The only way to get better at something is to practice. Well, actually, that’s a little bit untrue. The real only way to get better at something is to practice properly. Nowhere is this more true than the realm of the guitar, an instrument that requires near-constant, backbreaking (literally, if you’ve got one of those heavy Gibson Les Pauls) work to get decent at, and practically compulsive levels of devotion if you ever expect to become the next Joe Satriani, or whoever it is you kids listen to these days. Developing a decent guitar practice routine is crucial.
Anyways, like I was saying, the cornerstones of any practice regiment should be diligence, structure, and consistency. Diligence helps you push through the practice session without zoning off and just going through the motions. Structure helps you focus on key areas and develop your abilities evenly. Dnd consistency lets you practice every night without missing one, even if you’re planning on getting drunk (I tend to occasionally have problems with this one).
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An easy exercise for getting better finger dexterity is to simply play a chromatic scale along with a metronome set to a comfortable tempo. Then up that tempo by 5bpm and repeat the scale. Keep doing this until you get to the point where you can’t play the scale at all, then gradually work your way back down by 5bpm increments. Building speed is an important part of any guitar practice routine. Experiment with other exercises, such as playing one string at a time or playing triplets on each note (this builds your picking strength). 20 minutes a day of these exercises will speed up your playing immensely. If you’re interested, here are 4 more guitar speed exercises, you can pick up pretty fast.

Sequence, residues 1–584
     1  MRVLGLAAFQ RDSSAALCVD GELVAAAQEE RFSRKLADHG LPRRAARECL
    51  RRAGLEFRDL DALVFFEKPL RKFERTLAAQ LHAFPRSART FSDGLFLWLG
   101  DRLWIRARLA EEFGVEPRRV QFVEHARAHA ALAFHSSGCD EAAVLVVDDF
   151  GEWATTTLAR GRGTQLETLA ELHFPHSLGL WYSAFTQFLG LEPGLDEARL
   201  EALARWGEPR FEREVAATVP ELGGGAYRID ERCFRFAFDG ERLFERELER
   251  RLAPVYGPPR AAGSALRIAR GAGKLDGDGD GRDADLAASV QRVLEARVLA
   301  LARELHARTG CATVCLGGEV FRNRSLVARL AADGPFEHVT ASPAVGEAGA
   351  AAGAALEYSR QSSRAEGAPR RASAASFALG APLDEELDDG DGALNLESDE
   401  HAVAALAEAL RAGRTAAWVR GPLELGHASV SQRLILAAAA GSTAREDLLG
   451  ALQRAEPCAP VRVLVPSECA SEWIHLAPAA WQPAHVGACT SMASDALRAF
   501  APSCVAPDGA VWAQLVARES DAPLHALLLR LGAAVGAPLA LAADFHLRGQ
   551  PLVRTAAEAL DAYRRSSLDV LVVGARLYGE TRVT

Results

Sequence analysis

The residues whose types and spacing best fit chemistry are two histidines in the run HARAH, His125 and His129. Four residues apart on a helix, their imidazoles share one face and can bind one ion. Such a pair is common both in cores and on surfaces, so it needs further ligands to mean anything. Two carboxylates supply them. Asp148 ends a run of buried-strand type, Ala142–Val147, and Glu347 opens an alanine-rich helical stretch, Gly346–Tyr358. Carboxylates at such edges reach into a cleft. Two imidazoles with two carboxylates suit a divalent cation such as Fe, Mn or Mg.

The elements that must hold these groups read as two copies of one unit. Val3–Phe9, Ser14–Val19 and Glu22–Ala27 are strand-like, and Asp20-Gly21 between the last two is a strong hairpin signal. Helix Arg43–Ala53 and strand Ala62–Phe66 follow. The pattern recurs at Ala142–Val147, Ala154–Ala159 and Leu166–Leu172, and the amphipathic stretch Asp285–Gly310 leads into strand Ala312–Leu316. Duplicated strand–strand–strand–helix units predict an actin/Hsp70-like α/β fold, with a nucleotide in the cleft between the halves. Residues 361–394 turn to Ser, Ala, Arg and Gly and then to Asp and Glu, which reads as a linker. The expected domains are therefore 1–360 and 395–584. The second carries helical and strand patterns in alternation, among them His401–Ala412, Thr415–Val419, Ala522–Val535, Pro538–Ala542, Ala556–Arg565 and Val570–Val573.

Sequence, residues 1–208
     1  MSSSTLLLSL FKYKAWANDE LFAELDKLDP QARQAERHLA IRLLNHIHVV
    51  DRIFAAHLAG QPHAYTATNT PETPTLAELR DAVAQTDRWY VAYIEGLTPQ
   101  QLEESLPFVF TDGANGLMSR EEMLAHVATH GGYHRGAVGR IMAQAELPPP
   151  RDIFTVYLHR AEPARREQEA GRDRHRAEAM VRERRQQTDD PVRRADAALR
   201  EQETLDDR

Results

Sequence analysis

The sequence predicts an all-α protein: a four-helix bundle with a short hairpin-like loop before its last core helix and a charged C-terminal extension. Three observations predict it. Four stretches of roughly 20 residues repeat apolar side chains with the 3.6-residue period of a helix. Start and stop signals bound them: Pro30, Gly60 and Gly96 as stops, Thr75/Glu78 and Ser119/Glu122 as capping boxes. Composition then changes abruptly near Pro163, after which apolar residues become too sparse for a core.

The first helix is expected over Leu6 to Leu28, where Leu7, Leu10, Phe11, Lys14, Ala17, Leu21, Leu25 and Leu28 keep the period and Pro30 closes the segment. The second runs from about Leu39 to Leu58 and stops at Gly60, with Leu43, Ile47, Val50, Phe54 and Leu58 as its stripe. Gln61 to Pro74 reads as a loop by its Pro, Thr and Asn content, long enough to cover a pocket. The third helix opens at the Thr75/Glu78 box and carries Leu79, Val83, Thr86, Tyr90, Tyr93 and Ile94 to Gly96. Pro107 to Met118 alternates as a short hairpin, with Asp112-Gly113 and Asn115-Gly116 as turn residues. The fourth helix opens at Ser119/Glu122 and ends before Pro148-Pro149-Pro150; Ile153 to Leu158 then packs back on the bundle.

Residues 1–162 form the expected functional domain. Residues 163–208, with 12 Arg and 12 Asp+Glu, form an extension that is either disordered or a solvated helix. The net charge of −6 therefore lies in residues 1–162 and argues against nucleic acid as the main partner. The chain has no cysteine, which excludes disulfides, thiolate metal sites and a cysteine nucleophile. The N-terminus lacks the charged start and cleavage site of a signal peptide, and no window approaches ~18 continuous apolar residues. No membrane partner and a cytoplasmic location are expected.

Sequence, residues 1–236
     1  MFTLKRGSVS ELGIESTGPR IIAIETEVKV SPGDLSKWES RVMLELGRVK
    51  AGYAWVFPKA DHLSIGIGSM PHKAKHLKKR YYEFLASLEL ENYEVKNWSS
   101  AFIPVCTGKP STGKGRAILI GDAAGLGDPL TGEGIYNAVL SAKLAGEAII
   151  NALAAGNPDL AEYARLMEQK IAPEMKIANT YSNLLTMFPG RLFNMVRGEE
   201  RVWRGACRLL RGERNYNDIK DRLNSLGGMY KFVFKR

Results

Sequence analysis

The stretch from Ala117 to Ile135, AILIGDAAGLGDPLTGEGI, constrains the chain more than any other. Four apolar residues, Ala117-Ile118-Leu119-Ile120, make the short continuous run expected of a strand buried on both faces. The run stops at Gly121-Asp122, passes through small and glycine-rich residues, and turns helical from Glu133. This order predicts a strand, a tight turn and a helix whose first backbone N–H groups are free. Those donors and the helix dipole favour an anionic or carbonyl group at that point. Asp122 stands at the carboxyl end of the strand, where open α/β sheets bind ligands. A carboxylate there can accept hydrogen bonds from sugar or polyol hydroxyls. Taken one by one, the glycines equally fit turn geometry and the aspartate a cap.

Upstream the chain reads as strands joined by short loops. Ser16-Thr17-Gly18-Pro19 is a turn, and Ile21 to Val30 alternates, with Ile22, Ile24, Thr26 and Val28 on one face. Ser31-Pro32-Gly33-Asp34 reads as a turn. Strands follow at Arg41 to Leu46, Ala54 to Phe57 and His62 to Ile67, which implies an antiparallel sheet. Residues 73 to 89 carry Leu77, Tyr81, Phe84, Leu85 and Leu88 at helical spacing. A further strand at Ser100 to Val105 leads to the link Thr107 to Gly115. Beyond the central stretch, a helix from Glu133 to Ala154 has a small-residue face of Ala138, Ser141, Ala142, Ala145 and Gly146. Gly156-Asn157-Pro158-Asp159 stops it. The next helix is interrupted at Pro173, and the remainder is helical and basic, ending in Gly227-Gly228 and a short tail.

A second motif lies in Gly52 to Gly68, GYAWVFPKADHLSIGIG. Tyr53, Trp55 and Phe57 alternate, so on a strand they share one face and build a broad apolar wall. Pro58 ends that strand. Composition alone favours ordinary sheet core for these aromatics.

Learning The Scales
To learn the scales, start with the major scale and learn the degrees, notes, and fingering of the 6 patterns that recur up and down the fretboard. Once you practice each one in sequence until you’ve got it down, you can start stringing them together and you’ll have the entire major scale mapped over the fretboard in every key… From here, learning modes and pentatonic scales is as simple as knowing which note to start on and what notes not to play. Work on scales as a part of your guitar practice routine for an hour or two a day if you can, though you’ll notice results in as little as 20 minutes a day. Here’s a piece I wrote about learning guitar scales.
Practicing Individual Songs
It’s also important to have fun… This is music, after all. Pick songs that are around your difficulty level and work to perfect them. My goal is about a song a week. It gives you some campfire material, and you’ll learn a lot of techniques that you can use in your own playing. Some good starter songs are “Blackbird” by the Beatles and “The Needle And The Damage Done,” by Neil Young. If that’s not your style of music, pick something else. Just don’t start on anything too difficult right off the bat or it’ll put you off. Finishing each guitar practice routine with a song you like to play is a good method to get you going through all of the routine from start to end. Work on these songs for about a half-hour a day.
That’s it. Now you have a decent guitar practice routine you can further develop to suit your style later. Add exercises, learn different scales, experiment with other genres of music – the sky is the limit. If you enjoyed it, there are a lot more free guitar lessons you can browse through. And as usual, if you have other tips, post them in the comments, and I’ll see you next time!